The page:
Coronavirus (COVID-19) vaccines

The coronavirus (COVID-19) vaccines developed by Pfizer/BioNTech, Oxford/AstraZeneca have both been approved for use in the UK. A third COVID-19 vaccine developed by Moderna has also been approved in the UK for spring rollout. Ealing residents are now receiving their vaccines. The COVID-19 vaccine is being offered to people most at risk from coronavirus. Older people, clinically vulnerable and frontline staff will be the first to be vaccinated. Over the coming weeks and months your GP will contact you with details of how you can receive the vaccine. If you are contacted, please be prepared to attend the appointment. We know lots of people will be eager to get protected but you will be invited for a COVID-19 vaccine when it is your turn so please do not contact your GP.

Frequently asked questions

Now that the COVID-19 vaccine roll-out is starting, you might have questions about the vaccine. The NHS has put together some useful FAQs.

How the COVID-19 vaccine is given?

The COVID-19 vaccine is given as an injection into your upper arm. It is given as two doses. You will have the 2nd dose 3 to 12 weeks after having the 1st dose.

How safe is the COVID-19 vaccine?

The vaccines approved for use in the UK have met strict standards of safety, quality and effectiveness set out by the independent Medicines and Healthcare products Regulatory Agency (MHRA). Any COVID-19 vaccine that is approved must go through all the clinical trials and safety checks all other licensed medicines go through. The MHRA follows international standards of safety.
Other vaccines are being developed. They will only be available on the NHS once they have been thoroughly tested to make sure they are safe and effective.

So far, thousands of people have been given a COVID-19 vaccine and reports of serious side effects, such as allergic reactions, have been very rare. No long-term complications have been reported.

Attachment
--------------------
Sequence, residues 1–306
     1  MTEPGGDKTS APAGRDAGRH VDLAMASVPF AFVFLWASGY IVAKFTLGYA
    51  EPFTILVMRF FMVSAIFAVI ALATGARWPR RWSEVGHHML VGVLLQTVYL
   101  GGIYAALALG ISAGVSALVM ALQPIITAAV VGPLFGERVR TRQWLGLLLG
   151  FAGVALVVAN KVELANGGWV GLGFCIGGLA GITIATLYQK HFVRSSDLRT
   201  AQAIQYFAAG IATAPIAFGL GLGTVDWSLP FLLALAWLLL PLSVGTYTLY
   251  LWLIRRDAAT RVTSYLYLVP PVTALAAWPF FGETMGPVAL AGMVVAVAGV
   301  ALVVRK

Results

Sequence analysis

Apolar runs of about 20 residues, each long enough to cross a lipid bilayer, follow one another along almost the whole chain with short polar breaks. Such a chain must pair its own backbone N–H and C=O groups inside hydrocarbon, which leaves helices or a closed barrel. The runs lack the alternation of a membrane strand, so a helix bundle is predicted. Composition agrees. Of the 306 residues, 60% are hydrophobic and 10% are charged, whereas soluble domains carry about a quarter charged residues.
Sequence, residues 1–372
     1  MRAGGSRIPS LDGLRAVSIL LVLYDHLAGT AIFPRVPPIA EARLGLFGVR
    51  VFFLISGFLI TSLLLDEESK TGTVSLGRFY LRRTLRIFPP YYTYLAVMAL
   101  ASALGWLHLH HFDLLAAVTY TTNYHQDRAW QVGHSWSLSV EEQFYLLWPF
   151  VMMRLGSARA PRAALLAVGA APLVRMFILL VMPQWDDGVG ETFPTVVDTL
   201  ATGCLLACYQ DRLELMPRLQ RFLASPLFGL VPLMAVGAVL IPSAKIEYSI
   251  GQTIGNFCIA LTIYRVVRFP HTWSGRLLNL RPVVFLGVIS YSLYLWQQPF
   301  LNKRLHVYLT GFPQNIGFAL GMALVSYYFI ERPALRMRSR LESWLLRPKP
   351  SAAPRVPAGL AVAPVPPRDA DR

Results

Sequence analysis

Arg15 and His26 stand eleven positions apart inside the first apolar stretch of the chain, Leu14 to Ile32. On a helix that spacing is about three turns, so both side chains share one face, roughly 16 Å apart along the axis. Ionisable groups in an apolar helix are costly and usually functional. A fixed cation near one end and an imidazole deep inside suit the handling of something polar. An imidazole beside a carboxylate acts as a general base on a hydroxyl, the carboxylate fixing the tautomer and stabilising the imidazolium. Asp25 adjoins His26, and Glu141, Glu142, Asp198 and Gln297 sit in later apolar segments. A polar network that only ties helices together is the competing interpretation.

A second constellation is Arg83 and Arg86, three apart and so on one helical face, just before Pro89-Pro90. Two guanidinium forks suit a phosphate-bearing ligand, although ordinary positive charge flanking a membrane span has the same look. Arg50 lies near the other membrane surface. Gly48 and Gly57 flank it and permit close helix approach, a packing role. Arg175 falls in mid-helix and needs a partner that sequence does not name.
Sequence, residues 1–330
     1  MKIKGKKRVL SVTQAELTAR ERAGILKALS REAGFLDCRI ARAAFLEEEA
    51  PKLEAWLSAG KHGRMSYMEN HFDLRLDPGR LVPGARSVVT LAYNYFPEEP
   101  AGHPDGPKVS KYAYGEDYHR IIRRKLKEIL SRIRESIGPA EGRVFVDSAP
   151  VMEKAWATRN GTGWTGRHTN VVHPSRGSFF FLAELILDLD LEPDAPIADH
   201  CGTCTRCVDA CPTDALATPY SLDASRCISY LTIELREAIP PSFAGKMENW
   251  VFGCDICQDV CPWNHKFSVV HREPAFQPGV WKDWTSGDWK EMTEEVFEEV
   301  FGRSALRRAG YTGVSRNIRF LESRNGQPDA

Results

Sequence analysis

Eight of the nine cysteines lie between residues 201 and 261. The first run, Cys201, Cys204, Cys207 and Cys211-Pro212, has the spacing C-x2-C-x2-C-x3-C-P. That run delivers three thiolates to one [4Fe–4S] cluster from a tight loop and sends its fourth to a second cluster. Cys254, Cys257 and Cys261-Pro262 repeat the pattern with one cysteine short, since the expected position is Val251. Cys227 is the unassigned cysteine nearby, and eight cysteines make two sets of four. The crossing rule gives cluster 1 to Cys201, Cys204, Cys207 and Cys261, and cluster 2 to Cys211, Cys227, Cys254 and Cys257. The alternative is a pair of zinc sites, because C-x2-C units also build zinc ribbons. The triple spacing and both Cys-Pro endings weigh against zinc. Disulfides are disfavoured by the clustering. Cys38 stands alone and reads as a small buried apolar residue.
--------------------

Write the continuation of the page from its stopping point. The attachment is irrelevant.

How long does the vaccine take to become effective?

The 1st dose of the COVID-19 vaccine should give you good protection from coronavirus. But you need to have the two doses of the vaccine to give you longer lasting protection.

There is a chance you might still get or spread coronavirus even if you have the vaccine. This means it is important to continue to follow social distancing guidance and, if you can, wear something that covers your nose and mouth in places where it's hard to stay away from other people.

Why is it important to get your COVID-19 vaccination?

The COVID-19 vaccine will reduce the chance of your suffering from coronavirus. Getting your vaccine as soon as you can, should protect you and may help to protect your family and those you care for.

The COVID-19 vaccine should help reduce the rates of serious illness and save lives and will therefore reduce pressure on the NHS and social care services.

Is the vaccine vegan/vegetarian friendly?

The two approved COVID-19 vaccines do not contain any animal products or egg.

If, and when, further vaccines are approved we will publish information about known allergens or ingredients that are important for certain faiths, cultures and beliefs.

Who cannot have the vaccine?

The COVID-19 vaccine is not recommended for women who are pregnant.

People who are suffering from a fever-type illness should also postpone having the vaccine until they have recovered.

I’m currently ill with COVID-19, can I get the vaccine?

People currently unwell and experiencing COVID-19 symptoms (cough, high temperature, loss of sense of smell or taste) should not receive the COVID-19 vaccine until they have recovered.

Do people who have already had COVID-19 get vaccinated?

Yes, they should get vaccinated. There is no evidence of any safety concerns from vaccinating individuals with a past history of COVID-19 infection, or with detectable COVID-19 antibody, so people who have had COVID-19 disease (whether confirmed or suspected) can still receive the COVID-19 vaccine when it is their time to do so.

Are there any known or anticipated side effects?

Like all medicines, vaccines can cause side effects. Most of these are mild and short-term, and not everyone gets them. 

Very common side effects include:

  • a sore arm where the needle went in
  • feeling tired
  • a headache
  • feeling achy
  • feeling or being sick

As with all vaccines, appropriate treatment and care will be available in case of a rare anaphylactic event following administration.

I have had my flu vaccine, do I need the COVID-19 vaccine as well?

The flu vaccine does not protect you from COVID-19. As you are eligible for both vaccines you should have them both, but normally separated by at least a week.

Will the COVID-19 vaccine protect me from flu?

No, the COVID-19 vaccine will not protect you against the flu. If you have been offered a flu vaccine, please try to have this as soon as possible to help protect you, your family and patients from flu this winter

Useful links

For more information, go to the NHS website